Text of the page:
× Overview of the 2024 Tenancy Law Changes – What you need to know

Moving into a room

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Rooming Accommodation generally covers residents who rent a room, but share facilities like a kitchen or bathroom. The Residential Tenancies and Rooming Accommodation Act 2008 (the Act) is the law that covers residential tenants and lessors as well as rooming residents and providers in Queensland.

Your rooming agreement

Your provider must give you a written agreement on or before the day you move in. The rooming accommodation agreement (RTA Form R18) is the agreement between the resident and provider/agent which sets out the terms that outlines the rights and responsibilities of the parties to the agreement. The agreement is a legally binding written contract and must be written in a clear and precise way. You need to read and sign the agreement.

Once you have signed your agreement, give it to the provider, they must also sign the agreement and give you a fully signed copy within 3 days. If the provider fails to do this they are in breach of the Act.

It is an offence for the provider to include a term in your agreement that contradicts what the Act says. Any term that contradicts the Act is invalid and not enforceable.

Your provider must keep a copy of your agreement for at least one year after the agreement ends.

If you only have a verbal agreement with your provider and don’t sign any written agreement, you are still protected by the Act. The terms of your agreement will be what you and the provider verbally agreed. However, if you have a dispute and don’t have a written agreement it is difficult to prove what you agreed to.

What your agreement must contain

  • Your provider’s name, address and any telephone number;
  • Your name, address and any telephone number;
  • A full description of any services provided to you e.g. food, personal care, linen;
  • how much rent you need to pay, as well as when and how to pay the rent;
  • how much of the rent is for accommodation, food service, personal care service and any other service;
  • the amount of bond payable;
  • the room number and what common areas can be used
  • if the agreement is for a fixed term, state the term of the agreement ie start and end dates;
  • include house rules; and
  • be signed by both you and the provider.

These are standard terms of a rooming accommodation agreement. Your agreement may also contain special terms about things in your rooming accommodation, for example getting food or personal care provided.

Fixed or periodic

Your agreement may be a fixed term agreement or a periodic agreement. A fixed term agreement has a beginning date and an end date.

A periodic agreement has no end date, it ends when either you or the provider decide to end the agreement. See the Moving Out Rooming Fact Sheet for more information on ending rooming accommodation agreements.

A fixed term agreement may turn into a periodic agreement if the end date of the agreement passes without either party ending the agreement. All the terms and conditions of the agreement will continue to apply except the end date.

Opting in

If you live in rooming accommodation but your agreement states it is a Residential Tenancy Agreement, or you sign a Form 18a Residential Tenancy Agreement, then you will be covered by the residential tenancies provisions of the Act.

The residential tenancy laws generally provide greater protection and renting rights than the rooming accommodation sections of the Act.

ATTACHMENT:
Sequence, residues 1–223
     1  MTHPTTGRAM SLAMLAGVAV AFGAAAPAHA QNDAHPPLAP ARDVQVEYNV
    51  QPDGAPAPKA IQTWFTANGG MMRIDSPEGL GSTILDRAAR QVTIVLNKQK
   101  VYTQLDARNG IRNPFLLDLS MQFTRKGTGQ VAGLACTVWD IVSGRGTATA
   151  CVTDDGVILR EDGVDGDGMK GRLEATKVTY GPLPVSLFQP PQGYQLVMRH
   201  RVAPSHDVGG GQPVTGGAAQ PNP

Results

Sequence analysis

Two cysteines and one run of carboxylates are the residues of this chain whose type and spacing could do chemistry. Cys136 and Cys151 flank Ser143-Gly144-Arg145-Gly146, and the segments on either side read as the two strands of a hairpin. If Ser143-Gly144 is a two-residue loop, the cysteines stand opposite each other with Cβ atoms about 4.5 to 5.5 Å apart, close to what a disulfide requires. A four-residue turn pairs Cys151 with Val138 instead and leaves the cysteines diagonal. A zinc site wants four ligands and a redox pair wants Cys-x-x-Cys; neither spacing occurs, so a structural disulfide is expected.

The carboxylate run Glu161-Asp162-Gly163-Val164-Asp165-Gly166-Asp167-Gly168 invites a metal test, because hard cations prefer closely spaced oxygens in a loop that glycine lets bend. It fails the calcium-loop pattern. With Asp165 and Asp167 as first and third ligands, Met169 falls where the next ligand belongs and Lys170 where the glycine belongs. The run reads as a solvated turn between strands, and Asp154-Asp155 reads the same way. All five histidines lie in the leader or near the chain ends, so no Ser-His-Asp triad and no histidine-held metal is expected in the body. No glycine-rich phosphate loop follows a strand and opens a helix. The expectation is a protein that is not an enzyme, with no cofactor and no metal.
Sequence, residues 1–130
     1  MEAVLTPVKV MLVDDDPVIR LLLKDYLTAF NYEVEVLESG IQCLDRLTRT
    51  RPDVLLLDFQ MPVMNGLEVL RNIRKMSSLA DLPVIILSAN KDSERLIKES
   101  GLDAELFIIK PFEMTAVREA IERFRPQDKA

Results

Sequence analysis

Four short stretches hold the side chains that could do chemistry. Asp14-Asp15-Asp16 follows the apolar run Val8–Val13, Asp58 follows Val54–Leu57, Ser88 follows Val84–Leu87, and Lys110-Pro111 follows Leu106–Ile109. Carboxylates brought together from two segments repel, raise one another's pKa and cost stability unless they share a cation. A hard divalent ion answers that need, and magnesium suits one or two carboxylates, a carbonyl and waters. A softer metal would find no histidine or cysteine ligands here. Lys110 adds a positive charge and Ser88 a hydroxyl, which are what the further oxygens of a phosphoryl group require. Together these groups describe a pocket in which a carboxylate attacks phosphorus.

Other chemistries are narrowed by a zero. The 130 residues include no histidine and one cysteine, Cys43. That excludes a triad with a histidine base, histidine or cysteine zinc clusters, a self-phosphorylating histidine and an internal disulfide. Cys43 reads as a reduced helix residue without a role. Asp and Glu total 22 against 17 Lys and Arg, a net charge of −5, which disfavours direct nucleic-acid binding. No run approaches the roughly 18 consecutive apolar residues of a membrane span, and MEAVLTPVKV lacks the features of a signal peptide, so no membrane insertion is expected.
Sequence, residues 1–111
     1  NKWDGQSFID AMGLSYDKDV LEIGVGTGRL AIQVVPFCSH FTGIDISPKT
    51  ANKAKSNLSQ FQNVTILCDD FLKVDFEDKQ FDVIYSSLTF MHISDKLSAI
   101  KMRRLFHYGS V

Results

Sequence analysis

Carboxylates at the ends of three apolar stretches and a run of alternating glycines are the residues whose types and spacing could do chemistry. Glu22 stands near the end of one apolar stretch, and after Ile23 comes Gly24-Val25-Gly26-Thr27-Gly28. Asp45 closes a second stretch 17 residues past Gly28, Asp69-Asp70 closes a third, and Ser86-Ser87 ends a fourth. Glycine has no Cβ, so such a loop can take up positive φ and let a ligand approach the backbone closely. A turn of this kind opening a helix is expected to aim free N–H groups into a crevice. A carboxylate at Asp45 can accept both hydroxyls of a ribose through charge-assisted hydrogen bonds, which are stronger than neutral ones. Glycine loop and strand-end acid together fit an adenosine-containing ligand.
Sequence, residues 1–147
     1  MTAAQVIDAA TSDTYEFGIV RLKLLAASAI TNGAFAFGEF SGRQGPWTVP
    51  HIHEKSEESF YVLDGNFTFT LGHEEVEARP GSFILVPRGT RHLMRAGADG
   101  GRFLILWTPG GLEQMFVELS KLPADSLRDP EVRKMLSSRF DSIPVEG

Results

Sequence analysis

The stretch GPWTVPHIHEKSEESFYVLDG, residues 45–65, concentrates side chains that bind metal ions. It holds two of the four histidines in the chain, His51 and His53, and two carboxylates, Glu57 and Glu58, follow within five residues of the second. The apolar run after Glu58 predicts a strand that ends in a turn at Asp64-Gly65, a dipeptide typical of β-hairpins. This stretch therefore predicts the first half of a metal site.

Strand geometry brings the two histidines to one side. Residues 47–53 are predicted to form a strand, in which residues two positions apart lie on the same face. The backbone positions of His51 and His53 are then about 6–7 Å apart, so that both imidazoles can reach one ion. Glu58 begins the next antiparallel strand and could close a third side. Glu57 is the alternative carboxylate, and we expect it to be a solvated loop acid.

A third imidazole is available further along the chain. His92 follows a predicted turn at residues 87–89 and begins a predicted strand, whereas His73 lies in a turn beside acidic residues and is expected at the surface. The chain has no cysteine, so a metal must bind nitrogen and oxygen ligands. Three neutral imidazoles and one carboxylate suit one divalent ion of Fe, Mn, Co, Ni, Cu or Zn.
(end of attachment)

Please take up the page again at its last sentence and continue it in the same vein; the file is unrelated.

House rules

House rules are rules about the use, enjoyment, control or management of rooming accommodation. There are two types of house rules – prescribed rules (listed in the regulations to the Act) and rules made by the provider.

House rules form part of your rooming accommodation agreement, so it is important that you ask about any house rules before you sign an agreement. The provider must give you a copy of the house rules for the rental premises before entering into the agreement.

For more information on house rules, see Rooming Accommodation Fact Sheet While You are a Resident.

Address of the provider

On or before the time you move into your room, your provider must give you written notice of the provider’s name and address for service. This is who you contact if you have any problems regarding your room.

If this information changes the provider must give you the new details within 14 days.

Paying bond

When you pay a bond make sure you get a receipt for the amount of bond you paid. If the weekly rent is $500 or less, then no more than four weeks rent can be charged as a rental bond. There is no bond limit where the weekly rent is more than $500.

You and the provider will need to complete an RTA Bond Lodgement (Form 2) or the bond could be lodged using the Online Bond Lodgement facility with the RTA. You will need a QGov account to lodge the bond using the RTA web services. The person you pay your bond to must lodge your bond within 10 days of receiving it. When the RTA receives your bond money they will send you an official acknowledgement with your bond lodgement number.

Condition reports

On or before the day you occupy your room the provider/agent must prepare and fill out a Condition Report (RTA Form R1) for the room and give you a copy.

When you get the Condition Report you can add your comments to the form regarding the condition of the room. You don’t have to agree with what the provider has written in the Condition Report.

Sign the form and keep a copy for your records. You need to give your completed and signed Condition Report back to the provider within 7 days of moving into your room.

It’s a good idea to take some photos of your room when you move in. The Condition Report and any photos you take may be useful evidence when you apply to get your bond back.